Photo of the Week – November 28, 2013

Does any animal evoke a stronger sense of prairie than the plains bison?

Bison at The Nature Conservancy's Niobrara Valley Preserve, Nebraska.

Bison at The Nature Conservancy’s Niobrara Valley Preserve in the sandhills of north-central Nebraska.  Click on the image for a larger, sharper view.

On this Thanksgiving, I am grateful for many things.  Among those is the opportunity to take my kids to see bison on large tracts of native prairie.  I hope they’ll do the same with their own kids someday.

Happy Thanksgiving.

13 thoughts on “Photo of the Week – November 28, 2013

  1. The fact that there at all is something to be thankful for. Maybe some day I’ll actually get to see them. Happy Thanksgiving!

  2. Happy Thanksgiving to the Helzer Family!! I need to get out there and visit sometime, Chris. One thing to be thankful for is a year of your great photos and information. Take good care!!!

  3. Happy Thanksgiving to you and your family. And your posts and pictures are one thing to be grateful for – still carry sand in my shoes — so the pictures mean alot to me.

  4. Bison are coming to north central Illinois very soon!

    Whether you agree or not that the bison are appropriate for the eastern tallgrass prairie, you can’t deny the appeal of this mega fauna. Nachusa Grasslands is an inspiring place to visit. I am sure that once the bison are in place many more folks will discover Nachusa.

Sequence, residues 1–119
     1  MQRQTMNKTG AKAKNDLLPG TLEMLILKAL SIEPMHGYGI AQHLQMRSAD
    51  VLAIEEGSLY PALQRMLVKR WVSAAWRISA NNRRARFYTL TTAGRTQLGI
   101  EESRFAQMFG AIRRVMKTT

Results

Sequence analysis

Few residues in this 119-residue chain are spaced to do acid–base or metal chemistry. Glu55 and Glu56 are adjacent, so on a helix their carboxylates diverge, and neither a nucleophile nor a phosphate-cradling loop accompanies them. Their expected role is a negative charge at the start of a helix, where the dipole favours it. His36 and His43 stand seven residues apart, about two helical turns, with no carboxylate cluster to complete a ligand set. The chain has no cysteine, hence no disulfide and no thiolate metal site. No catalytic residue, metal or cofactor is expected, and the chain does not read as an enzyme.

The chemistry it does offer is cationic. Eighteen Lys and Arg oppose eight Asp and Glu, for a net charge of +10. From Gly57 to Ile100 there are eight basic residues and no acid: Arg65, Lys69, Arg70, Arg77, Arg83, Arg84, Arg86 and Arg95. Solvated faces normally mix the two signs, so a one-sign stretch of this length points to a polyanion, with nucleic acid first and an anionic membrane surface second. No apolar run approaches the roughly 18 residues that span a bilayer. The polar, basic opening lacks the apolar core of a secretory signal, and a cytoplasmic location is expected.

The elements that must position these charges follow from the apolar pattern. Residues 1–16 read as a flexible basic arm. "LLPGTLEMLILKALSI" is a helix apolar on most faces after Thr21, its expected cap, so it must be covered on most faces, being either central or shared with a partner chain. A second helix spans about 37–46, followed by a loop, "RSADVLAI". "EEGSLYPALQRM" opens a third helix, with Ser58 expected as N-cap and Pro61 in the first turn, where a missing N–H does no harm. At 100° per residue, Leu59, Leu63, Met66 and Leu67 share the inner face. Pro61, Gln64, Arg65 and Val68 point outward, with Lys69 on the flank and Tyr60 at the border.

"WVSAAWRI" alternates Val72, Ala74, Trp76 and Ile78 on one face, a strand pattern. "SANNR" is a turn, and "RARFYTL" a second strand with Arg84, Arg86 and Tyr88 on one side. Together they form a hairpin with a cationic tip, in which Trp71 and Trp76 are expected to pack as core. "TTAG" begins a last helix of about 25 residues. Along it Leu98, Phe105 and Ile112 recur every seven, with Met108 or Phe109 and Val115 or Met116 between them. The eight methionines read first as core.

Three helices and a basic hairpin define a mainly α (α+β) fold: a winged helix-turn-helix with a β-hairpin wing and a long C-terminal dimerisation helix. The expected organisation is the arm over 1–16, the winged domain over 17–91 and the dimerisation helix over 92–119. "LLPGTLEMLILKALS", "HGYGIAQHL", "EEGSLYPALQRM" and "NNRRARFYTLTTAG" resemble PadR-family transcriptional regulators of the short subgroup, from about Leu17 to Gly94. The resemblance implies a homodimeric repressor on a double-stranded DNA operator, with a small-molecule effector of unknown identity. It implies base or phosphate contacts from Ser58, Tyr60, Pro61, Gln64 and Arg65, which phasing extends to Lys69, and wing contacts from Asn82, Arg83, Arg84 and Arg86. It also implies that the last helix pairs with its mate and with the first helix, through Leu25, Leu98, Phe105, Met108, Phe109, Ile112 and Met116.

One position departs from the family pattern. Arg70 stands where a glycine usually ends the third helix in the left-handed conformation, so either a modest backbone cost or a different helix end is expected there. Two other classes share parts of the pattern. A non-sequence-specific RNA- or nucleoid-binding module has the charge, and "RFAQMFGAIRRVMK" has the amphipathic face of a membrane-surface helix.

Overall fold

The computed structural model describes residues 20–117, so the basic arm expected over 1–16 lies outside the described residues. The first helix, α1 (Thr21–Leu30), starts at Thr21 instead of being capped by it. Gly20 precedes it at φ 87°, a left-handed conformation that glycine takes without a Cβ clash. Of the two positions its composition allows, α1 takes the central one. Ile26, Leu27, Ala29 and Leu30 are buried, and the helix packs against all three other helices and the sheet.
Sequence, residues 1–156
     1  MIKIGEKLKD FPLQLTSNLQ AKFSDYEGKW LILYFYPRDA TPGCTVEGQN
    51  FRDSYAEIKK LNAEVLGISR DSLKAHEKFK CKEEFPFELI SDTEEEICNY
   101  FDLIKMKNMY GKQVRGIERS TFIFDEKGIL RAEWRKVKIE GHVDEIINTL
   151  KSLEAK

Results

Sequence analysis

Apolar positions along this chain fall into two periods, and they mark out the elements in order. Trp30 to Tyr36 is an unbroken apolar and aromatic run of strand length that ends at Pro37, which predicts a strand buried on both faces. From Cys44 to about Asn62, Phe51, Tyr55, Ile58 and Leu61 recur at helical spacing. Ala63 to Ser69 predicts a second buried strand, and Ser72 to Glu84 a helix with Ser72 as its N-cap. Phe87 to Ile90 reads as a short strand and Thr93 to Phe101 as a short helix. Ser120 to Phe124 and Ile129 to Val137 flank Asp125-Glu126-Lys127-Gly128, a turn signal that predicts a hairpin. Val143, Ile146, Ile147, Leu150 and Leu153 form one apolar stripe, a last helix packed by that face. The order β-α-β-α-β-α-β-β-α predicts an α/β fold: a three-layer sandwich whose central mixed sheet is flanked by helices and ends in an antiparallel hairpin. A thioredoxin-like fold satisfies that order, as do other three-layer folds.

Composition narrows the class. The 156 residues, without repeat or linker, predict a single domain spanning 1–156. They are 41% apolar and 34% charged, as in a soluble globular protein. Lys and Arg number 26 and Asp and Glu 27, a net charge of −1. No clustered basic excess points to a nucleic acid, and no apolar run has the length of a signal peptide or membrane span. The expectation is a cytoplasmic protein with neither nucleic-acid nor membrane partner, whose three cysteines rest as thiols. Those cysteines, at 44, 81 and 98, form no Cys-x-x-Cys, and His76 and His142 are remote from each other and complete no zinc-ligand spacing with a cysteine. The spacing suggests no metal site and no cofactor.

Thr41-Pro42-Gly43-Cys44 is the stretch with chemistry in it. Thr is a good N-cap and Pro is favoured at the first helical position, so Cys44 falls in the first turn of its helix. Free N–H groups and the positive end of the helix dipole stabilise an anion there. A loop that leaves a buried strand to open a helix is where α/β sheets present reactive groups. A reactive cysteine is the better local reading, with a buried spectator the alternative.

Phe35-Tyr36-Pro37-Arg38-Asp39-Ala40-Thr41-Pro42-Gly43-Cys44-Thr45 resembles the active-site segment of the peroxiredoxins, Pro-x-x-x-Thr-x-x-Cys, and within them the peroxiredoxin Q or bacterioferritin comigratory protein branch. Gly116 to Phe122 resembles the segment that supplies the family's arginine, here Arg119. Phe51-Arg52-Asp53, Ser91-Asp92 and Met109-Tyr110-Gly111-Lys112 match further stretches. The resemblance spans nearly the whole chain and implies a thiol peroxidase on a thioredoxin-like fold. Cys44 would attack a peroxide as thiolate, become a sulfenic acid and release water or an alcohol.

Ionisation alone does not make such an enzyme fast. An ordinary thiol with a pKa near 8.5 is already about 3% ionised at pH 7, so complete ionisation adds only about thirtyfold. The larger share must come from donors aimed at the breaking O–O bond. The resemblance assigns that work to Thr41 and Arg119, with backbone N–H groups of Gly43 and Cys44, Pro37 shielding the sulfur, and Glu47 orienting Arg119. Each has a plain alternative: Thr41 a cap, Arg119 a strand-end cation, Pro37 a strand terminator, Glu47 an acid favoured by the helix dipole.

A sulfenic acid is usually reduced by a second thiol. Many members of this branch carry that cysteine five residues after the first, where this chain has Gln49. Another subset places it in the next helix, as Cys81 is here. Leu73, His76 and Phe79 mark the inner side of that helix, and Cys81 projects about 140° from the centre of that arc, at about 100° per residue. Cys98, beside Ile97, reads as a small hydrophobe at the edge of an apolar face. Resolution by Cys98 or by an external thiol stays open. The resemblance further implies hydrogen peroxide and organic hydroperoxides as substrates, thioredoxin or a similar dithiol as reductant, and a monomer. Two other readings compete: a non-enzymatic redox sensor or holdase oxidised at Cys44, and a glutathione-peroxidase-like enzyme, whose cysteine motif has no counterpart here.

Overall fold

• To me, the question of appropriateness comes down to whether the site biodiversity is enhanced or diminished by the presence of bison. One could also add the human factor, that having bison on a site imposes some restrictions on human (tourists’ and field biologists’, alike) access and freedom of movement.
      Anyway, they sure are cool to see, and I’m thankful for that.

      • A lot of research has gone into determining the impact (positive or negative) of grazing on the dynamic of grassland ecosystems. Chris has shown how grazers focus on grasses giving forbs an opportunity to grow. However, Chris also over seeded a degraded prairie while using grazing to suppress grasses. The results from over seeding with grazing did not seem overly encouraging. It seems other unknown factors are likely more important than grazing alone. We know a lot about bison’s effect on grasslands, what I do not know much about is bison’s effect on woody species. Prairies that receive frequent burning still are being invaded by tree species. I would like to know the impact, if any, of bison on trees that are encroaching upon our prairies. To me, your bison looks like nature’s version of a seppi mower. Some observations of bison’s impact on woody species might go far in convincing land managers of their necessity.

        • Bison generally avoid wooded areas and trees, though they can have some impact on trees through rubbing. I don’t think the presence of bison in eastern tallgrass prairies will have much impact on tree encroachment, unfortunately.

          • They completely rubbed the bark off all the spruce trees in their enclosure at Brookfield Zoo.

        • You might find this paper interesting – from aspen parkland; Campbell, C., I.D. Campbell, C.B. Blyth, and J.H. McAndrews. 1994. Bison extirpation may have caused aspen expansion in western Canada. Ecography 17:360-362.


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